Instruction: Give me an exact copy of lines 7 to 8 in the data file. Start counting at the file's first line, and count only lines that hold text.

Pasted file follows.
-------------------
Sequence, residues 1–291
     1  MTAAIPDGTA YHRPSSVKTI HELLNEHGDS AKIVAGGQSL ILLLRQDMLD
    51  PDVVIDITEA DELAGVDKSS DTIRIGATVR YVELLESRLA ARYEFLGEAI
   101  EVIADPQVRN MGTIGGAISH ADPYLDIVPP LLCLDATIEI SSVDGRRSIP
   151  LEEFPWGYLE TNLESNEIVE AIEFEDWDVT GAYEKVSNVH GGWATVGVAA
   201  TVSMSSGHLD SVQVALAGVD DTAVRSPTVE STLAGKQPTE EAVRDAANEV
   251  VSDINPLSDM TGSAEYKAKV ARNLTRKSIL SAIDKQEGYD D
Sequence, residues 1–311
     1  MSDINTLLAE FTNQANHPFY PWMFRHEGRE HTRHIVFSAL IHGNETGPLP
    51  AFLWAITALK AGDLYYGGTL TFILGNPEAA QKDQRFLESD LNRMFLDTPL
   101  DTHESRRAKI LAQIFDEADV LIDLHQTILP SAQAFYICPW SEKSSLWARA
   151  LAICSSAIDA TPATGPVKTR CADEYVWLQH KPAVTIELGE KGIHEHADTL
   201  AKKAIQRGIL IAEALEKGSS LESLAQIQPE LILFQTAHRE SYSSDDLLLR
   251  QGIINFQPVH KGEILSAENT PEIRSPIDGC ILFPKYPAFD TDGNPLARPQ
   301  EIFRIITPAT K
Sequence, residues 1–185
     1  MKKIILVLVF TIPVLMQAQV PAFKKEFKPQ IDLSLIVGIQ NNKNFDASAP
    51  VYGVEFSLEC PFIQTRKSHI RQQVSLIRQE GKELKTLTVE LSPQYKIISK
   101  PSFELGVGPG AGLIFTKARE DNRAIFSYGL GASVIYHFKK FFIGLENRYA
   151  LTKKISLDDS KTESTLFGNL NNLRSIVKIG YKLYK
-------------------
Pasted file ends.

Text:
   251  VSDINPLSDM TGSAEYKAKV ARNLTRKSIL SAIDKQEGYD D
Sequence, residues 1–311